The U.S. Department of Justice (DOJ) has announced a proposed consent order with Sage Bank to settle charges that the bank violated the Fair Housing Act (FHA) and the Equal Credit Opportunity Act (ECOA) by discriminating on the basis of race and national origin in connection with its residential mortgage lending.
The DOJ claimed that the bank’s pricing system resulted in African-American and Hispanic borrowers paying higher prices for mortgage loans than similarly qualified white borrowers. The DOJ said that the action originated from a referral by the Federal Deposit Insurance Corporation.
According to the DOJ’s complaint filed in Massachusetts federal district court, the bank used a “Minimum Base Pricing” (MBP) system to price mortgage loans sold to investors on the secondary market. The MBP represented the net revenue target that a loan officer was expected to achieve on each loan he or she originated through the interest rate and fees.
The complaint alleged that the pricing system resulted in African-American and Hispanic borrowers paying more for loans than white borrowers and the higher prices could not be “fully explained by factors unrelated to race or national origin.” The DOJ claimed that a contributor to this disparity was that African-American and Hispanic applicants were served disproportionately by loan officers with MBPs that were higher than the MBPs of loan officers serving predominately white applicants. The higher MBPs “were not justified by individual characteristics of [such minority applicants].” Another contributor was that loan officers allegedly marked up loans to African-American and Hispanic borrowers above their MBPs to a greater extent than they marked up loans to white borrowers.
According to the DOJ, the bank gave loan officers discretion to price loans above their MBPs without any requirement to obtain management approval or document or provide reasons for such higher pricing. The DOJ claimed that such discretion “resulted in loan prices that were higher than what the objective credit characteristics of the borrowers dictated” and “exacerbated the risk that similarly qualified borrowers would receive differently priced loans.”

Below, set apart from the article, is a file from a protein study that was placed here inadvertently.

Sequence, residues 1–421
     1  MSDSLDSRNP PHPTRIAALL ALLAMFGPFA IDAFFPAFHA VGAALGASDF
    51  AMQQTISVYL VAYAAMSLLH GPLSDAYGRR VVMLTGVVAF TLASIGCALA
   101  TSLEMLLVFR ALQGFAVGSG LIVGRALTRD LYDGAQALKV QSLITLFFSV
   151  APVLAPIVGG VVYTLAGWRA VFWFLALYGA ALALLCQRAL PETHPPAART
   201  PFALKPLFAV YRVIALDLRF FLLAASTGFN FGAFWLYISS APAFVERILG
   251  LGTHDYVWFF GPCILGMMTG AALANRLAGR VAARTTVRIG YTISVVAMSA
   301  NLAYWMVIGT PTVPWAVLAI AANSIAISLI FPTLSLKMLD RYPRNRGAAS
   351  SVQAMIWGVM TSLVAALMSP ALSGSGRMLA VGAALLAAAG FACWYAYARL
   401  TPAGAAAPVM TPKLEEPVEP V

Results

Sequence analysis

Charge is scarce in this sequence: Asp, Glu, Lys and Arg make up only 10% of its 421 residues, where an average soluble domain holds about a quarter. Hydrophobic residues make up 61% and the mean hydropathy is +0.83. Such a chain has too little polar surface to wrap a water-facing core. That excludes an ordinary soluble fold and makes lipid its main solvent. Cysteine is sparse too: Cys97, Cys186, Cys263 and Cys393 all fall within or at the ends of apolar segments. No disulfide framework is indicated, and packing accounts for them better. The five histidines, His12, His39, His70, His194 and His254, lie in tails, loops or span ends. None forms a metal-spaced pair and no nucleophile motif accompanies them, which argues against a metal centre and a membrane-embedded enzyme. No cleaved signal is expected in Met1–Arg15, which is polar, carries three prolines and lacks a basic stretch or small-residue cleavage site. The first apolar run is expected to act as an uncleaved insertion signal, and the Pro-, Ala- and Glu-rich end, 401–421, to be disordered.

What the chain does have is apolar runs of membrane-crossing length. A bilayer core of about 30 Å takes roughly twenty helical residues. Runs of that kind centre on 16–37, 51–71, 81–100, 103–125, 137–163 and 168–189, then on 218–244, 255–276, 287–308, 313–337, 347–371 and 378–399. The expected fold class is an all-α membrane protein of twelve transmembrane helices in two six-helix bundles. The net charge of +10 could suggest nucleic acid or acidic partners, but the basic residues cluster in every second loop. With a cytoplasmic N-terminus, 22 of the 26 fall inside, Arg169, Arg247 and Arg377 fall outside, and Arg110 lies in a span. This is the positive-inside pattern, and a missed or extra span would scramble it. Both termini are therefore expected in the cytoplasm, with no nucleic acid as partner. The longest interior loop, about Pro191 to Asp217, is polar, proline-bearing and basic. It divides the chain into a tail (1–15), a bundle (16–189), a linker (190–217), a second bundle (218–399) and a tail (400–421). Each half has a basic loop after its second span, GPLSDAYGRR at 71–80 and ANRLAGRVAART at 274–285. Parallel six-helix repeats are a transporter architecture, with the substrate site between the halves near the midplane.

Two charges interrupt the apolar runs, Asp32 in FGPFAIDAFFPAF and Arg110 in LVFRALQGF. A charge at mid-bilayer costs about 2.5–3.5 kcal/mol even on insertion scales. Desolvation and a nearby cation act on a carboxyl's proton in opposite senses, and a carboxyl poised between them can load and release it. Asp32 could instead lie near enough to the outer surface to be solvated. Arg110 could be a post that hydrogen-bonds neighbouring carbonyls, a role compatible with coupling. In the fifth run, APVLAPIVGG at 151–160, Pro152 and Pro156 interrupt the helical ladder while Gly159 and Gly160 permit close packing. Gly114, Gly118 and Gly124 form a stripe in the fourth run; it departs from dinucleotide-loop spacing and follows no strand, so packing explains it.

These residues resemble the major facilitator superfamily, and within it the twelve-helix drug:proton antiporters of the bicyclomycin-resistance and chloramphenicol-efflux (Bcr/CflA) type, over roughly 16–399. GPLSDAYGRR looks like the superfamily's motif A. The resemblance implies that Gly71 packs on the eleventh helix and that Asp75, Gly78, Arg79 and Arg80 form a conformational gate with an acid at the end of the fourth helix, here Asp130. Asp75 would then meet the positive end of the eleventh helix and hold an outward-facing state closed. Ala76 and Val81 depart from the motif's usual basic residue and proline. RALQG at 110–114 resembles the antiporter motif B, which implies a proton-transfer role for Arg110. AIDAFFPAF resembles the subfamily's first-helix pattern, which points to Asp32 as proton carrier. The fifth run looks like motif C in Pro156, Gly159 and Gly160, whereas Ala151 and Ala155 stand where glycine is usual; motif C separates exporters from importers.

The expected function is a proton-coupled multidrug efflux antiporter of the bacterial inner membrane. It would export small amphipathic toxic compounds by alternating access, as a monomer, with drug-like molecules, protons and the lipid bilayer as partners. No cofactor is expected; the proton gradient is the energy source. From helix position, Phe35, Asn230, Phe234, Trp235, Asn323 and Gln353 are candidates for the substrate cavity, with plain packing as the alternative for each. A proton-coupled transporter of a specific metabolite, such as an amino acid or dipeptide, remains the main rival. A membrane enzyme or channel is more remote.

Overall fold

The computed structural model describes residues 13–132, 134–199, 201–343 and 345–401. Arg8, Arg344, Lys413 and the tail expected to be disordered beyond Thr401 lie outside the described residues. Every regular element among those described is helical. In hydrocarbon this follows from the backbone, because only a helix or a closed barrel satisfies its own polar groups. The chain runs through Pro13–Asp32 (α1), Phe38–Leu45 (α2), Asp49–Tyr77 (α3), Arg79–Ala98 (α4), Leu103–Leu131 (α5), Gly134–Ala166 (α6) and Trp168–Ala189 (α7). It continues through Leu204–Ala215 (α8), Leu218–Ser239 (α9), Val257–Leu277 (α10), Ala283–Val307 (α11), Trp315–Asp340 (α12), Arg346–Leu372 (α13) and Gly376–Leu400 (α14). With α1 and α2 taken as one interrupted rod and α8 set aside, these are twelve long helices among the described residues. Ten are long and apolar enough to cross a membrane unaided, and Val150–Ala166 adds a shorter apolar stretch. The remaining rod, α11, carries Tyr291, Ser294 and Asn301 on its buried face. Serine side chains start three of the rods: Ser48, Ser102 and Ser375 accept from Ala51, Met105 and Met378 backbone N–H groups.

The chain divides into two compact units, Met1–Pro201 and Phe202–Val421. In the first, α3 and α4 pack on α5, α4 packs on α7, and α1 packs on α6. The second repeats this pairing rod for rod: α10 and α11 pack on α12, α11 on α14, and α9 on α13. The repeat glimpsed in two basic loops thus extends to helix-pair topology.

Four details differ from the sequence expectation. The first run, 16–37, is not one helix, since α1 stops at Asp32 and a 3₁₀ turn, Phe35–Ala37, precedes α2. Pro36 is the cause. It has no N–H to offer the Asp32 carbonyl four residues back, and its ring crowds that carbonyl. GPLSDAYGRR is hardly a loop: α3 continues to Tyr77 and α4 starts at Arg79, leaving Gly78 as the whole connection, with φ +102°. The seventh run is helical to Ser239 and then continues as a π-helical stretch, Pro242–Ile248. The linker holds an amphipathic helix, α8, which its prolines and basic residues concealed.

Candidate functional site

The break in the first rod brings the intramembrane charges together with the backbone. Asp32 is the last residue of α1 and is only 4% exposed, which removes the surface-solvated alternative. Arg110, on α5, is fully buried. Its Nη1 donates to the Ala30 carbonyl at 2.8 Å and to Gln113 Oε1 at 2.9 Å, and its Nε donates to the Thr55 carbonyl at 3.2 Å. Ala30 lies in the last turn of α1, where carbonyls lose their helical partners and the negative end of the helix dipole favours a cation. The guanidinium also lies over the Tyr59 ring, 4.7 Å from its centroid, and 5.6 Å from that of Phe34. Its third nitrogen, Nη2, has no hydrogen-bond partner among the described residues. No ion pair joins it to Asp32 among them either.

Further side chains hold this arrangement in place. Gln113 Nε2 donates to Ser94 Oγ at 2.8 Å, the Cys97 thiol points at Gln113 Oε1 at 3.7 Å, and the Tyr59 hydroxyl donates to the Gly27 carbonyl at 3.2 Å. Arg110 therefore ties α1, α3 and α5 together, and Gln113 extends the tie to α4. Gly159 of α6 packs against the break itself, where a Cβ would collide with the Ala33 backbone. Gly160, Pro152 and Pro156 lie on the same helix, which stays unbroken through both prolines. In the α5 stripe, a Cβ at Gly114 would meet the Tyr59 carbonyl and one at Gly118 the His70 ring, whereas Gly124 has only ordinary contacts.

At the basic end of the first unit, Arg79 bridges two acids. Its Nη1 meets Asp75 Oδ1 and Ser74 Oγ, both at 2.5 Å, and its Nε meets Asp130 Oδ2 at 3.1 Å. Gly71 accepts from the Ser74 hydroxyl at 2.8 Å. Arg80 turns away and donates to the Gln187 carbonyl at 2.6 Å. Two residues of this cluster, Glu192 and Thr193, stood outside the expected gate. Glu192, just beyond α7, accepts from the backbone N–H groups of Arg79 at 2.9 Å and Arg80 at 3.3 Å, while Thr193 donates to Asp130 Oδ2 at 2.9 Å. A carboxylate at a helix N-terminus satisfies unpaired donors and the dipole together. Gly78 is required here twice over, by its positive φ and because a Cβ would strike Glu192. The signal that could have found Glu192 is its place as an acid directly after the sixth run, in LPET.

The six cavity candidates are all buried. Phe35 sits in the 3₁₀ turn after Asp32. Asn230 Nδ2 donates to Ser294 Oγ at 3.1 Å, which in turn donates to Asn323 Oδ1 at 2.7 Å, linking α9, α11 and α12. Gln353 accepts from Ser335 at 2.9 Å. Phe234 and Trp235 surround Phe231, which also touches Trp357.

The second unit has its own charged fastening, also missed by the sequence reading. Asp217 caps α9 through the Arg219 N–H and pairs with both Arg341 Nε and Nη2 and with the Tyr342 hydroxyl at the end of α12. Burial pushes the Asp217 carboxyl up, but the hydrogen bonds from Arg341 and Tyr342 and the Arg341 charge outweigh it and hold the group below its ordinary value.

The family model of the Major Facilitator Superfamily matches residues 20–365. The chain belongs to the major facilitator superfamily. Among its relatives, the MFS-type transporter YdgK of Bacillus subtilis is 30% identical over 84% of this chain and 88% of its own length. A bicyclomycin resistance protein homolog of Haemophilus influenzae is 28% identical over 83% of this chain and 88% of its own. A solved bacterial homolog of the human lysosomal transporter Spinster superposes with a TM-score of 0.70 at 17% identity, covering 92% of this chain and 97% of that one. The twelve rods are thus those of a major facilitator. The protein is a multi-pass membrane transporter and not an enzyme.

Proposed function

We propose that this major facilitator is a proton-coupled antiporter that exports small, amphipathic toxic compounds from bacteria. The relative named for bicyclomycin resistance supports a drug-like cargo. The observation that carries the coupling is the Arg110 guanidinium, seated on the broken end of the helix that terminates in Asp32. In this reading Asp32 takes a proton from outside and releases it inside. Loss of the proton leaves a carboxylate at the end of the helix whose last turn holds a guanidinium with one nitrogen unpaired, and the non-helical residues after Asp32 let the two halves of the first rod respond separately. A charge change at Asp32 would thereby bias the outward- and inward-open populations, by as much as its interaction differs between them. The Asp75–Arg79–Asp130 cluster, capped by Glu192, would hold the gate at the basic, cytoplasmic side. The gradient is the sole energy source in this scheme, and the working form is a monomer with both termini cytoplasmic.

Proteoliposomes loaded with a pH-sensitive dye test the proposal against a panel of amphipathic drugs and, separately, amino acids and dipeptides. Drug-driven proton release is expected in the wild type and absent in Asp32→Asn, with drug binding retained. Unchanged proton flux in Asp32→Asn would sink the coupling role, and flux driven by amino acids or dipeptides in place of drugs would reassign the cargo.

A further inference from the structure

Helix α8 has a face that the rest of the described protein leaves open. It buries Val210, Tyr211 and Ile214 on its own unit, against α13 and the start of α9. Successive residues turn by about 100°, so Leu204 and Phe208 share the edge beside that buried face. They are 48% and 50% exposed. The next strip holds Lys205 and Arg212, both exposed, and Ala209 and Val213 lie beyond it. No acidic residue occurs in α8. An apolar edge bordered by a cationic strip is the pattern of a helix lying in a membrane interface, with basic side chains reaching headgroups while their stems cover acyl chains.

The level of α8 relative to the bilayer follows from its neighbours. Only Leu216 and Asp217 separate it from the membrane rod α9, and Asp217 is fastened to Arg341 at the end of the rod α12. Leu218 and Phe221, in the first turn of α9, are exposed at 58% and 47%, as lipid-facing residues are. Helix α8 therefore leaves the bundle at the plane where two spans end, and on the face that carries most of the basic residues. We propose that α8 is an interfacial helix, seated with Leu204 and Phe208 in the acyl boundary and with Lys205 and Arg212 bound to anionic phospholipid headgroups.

In the complaint, the DOJ asserted various theories for its FHA and ECOA claims. The complaint alleged that the bank’s pricing system created a “foreseeable disparate impact.” (The complaint’s focus on the bank’s pricing system might be intended to address the U.S. Supreme Court’s admonition in Inclusive Communities that a disparate impact claim based upon a statistical disparity “must fail if the plaintiff cannot point to a defendant’s policy or policies causing that disparity.”)
The DOJ also charged that the bank “engaged in a pattern or practice of discrimination and denial of rights under the FHA and ECOA” and that its “policies and practices were intentional, willful, or implemented with reckless disregard for the rights of African-American and Hispanic applicants and borrowers.” Although the DOJ did not directly say so in the complaint, its allegation of intentional discrimination was presumably based on the bank’s alleged knowledge of borrowers’ race or national origin and the primarily minority composition of the population served by loan officers with higher MBPs.
The consent order, which is subject to court approval, requires the bank to pay $1.175 million into a settlement fund to compensate aggrieved borrowers. It also requires the bank to establish a loan pricing policy “that shall minimize fair lending risk and mandate documentation of loan officer decision-making and managerial approval,” and a monitoring program to assess pricing disparities on at least a semi-annual basis. In addition, the bank must establish a loan officer compensation policy that ensures compliance with the Truth in Lending Act/Regulation Z provision that generally prohibits loan officers from receiving compensation based on any loan term other than the amount.
The DOJ’s action demonstrates that there are risks when loan officers have different pricing or are permitted to deviate from standard pricing. Lenders that have different pricing for loan officers and/or permit loan officers to deviate from standard pricing should conduct an analysis to assess if there are potential trends that could be viewed as presenting a fair lending concern to regulators.